The next morning came and I awoke to a loud hum that resembled electricity travelling through wires. It didn’t take me long to realize it was a swarm of mosquitoes, I was concerned they intended to haul us away, tent and all. We packed up as much as we could inside the tent and got dressed lying down, for fear of exposing ourselves to mosquitoes… and fellow campers. Erin went off to make us some oatmeal for breakfast, and I tore down the tent as fast as I could. We enjoyed breakfast and I decided to use the toiled before we headed off. This would prove to be an unfortunate time to need a washroom. As I approached the toiled the mosquitoes got more frequent and the hum got louder. I saw the toiled and remembered the lady at the tourist center trying to explain to me that they dont have outhouses or porta-pottys they have “green thrones” which well, looks like a throne. Imagine a three or four steps leading up a to a platform with a toiled seat on top. The toiled seat was somewhat enclosed in a semi circle that only ran about half way up my back. It was about as open air as you could get while still technically using a toilet. It was the perfect place for mosquitoes to ambush me… and did they ever. Lets just say I had bites in the tender areas and was really starting to not enjoy the hike.
We set off and the mosquitoes were unbearable, hands down the worst I have ever seen. They were so bad they effected visibility. We walked along beautiful log bridges and passed amazing waterfalls, at top speed to avoid those darn bugs.
We only stopped at the tops of hills where we could feel a breeze and only for long enough to catch our breath and re apply as much mosquito spray as possible. I remember my shoe coming untied at the bottom of a hill right beside a nice infested swamp, I stopped went down and inhaled no less than four mosquitoes. I was also introduced to the pleasures of a mosquito bite on the edge of my lip, kinda like a bite on the knuckle but worse. We kept walking and swatting and my patience was running low. Finally and embarrassingly… I cracked. I had what Erin and I call a “temper mantrum” I remember throwing off my pack to grab some water and going on a rant along the lines of “THIS BACKPACKING IS HORRIBLE, YOU CAN JUST KEEP THIS TENT AND USE IT WITH YOUR FRIENDS OR WHATEVER, BUT I’M JUST NOT INTERESTED IN DOING IT AGAIN” Erin now finds it funny but at the time I think she was about ready to crack too. I put my pack back on and we continued.
We eventually found our way to higher and windier ground which caused the mosquitoes to disperse and suddenly the trail became much more pleasant. We rounded a corner and in the distance I saw something tan in colour jump into the woods. From where I was standing it appeared high in a tree, I panicked as my mind immediate thought “Cougar!” I grabbed the bear spray and pondered just how good my reflexes actually were. As we walked closer I felt very silly, the trail went up a steep hill and what I had actually seen was a beautiful bull elk jumping from the trail up a small berm. I kept the bear spray out and decided to see how close I could get. I got to withing about 40 yards and snapped some pictures before it eventually got annoyed with me and left.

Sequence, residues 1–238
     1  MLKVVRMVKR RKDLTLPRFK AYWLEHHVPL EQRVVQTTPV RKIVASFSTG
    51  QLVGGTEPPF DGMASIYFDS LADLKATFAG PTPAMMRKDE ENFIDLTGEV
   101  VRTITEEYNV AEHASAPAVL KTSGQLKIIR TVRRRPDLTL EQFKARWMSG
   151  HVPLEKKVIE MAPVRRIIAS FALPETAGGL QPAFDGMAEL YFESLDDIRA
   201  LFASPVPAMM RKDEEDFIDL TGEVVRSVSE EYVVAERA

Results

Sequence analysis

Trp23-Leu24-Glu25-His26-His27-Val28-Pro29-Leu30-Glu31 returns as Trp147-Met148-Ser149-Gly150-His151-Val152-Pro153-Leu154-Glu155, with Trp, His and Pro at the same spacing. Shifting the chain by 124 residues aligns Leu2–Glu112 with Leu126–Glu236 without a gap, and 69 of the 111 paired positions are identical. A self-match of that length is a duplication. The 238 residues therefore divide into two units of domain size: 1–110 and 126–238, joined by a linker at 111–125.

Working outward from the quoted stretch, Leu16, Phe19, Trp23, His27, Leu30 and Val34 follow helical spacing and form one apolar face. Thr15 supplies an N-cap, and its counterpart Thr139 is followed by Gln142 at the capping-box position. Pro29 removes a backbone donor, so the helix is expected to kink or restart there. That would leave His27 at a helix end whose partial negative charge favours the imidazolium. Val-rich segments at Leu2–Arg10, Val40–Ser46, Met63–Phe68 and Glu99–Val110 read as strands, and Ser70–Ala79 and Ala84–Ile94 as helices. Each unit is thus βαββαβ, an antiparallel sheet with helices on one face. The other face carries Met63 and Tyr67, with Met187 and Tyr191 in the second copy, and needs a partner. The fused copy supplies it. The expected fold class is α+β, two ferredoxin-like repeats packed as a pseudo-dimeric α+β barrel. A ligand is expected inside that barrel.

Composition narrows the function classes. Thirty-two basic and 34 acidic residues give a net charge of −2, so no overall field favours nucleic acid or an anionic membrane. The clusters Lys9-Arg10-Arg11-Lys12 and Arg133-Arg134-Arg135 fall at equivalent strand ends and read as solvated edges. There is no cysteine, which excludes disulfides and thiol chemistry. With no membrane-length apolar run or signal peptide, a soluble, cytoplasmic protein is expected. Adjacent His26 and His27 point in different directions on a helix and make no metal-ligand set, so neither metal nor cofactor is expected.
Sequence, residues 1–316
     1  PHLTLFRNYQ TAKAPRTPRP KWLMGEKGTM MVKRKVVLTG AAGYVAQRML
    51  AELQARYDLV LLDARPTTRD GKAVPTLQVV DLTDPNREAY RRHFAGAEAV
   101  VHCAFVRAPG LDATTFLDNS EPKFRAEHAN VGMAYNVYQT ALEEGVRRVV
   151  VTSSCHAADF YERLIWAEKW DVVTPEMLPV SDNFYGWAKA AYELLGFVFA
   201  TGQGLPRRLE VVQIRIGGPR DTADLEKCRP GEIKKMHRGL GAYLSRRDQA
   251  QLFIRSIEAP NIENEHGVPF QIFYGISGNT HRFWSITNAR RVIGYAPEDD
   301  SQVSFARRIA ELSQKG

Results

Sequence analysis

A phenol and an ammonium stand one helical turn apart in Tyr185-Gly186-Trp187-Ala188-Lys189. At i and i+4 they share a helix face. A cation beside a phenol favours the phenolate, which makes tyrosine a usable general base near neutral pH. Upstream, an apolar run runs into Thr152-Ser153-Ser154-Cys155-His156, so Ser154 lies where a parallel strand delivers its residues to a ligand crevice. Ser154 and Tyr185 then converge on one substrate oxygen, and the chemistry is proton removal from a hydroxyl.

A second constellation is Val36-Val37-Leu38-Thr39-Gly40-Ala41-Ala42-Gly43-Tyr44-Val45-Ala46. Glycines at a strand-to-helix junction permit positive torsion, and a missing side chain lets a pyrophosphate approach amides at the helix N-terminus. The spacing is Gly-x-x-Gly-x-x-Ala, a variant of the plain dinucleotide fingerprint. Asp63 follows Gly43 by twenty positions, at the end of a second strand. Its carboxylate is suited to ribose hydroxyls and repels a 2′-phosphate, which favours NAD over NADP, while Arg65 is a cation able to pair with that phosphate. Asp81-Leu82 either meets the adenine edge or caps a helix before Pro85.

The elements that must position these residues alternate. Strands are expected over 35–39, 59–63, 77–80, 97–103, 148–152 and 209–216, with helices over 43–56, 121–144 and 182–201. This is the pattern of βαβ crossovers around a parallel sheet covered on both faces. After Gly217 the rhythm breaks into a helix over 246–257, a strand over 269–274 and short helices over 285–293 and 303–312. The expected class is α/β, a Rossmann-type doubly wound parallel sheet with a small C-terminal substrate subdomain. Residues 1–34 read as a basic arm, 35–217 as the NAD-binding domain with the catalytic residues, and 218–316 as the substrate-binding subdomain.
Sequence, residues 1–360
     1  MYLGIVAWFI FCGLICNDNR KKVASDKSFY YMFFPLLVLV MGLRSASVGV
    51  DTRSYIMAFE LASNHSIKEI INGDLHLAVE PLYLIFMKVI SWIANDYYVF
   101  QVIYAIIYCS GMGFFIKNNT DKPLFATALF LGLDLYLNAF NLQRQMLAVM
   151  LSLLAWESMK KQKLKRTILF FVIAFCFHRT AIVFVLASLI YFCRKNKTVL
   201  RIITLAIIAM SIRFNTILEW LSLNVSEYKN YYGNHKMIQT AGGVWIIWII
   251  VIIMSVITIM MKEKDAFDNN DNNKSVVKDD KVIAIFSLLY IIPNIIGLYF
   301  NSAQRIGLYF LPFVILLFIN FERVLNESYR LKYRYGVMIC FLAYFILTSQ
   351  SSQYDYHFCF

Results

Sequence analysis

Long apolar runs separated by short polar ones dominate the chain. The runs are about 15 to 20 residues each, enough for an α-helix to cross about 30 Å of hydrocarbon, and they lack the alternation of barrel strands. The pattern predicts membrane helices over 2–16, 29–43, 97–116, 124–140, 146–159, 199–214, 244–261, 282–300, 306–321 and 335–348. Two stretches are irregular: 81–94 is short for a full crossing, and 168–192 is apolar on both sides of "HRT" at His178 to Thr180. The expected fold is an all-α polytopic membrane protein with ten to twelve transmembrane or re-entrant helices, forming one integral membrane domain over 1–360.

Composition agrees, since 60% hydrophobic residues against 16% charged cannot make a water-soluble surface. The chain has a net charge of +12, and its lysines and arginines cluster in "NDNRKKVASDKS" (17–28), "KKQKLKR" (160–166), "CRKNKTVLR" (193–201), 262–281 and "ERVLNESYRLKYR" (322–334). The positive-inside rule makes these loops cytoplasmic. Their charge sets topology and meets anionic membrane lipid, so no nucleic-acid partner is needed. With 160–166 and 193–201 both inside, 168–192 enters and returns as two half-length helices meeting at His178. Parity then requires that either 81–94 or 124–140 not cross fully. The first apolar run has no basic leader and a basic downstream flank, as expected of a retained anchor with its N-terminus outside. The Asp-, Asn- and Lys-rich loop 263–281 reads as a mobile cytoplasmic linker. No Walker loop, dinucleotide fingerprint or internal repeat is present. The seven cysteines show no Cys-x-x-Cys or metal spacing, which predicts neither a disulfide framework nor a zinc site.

We were getting near the end of the trail so I pulled out my phone to call Kyle, only to discover that the battery was dead. I must have bumped the power button and turned it on in my pack. Luckily for me, Erin’s phone still worked and I had submitted Kyle’s number to memory. No answer, I tried a few more times, with no luck. We eventually walked out into the parking lot to see Kyle there, he was simply amazed at his timing.
He explained that his phone had met with his temper when it was failing to work. I saw the “smart” phone in the back of his truck and it appeared to be folded in half (he seems to go through a lot of phones). So he ended up calling my phone from a pay phone, which ended up not working since my phone was dead, maybe this phone trouble is a family thing. In the end he just guessed what time we would be there and as luck would have it, he only waited about ten minutes for us to show up.
It was undoubtedly the worst hike I’ve ever been on, based slightly on the poor sleeping conditions and overwhelmingly on the mosquito infestation. I now really enjoy back country camping, and I would even do the Saturday Night Lake Loop again… if it was during a drought.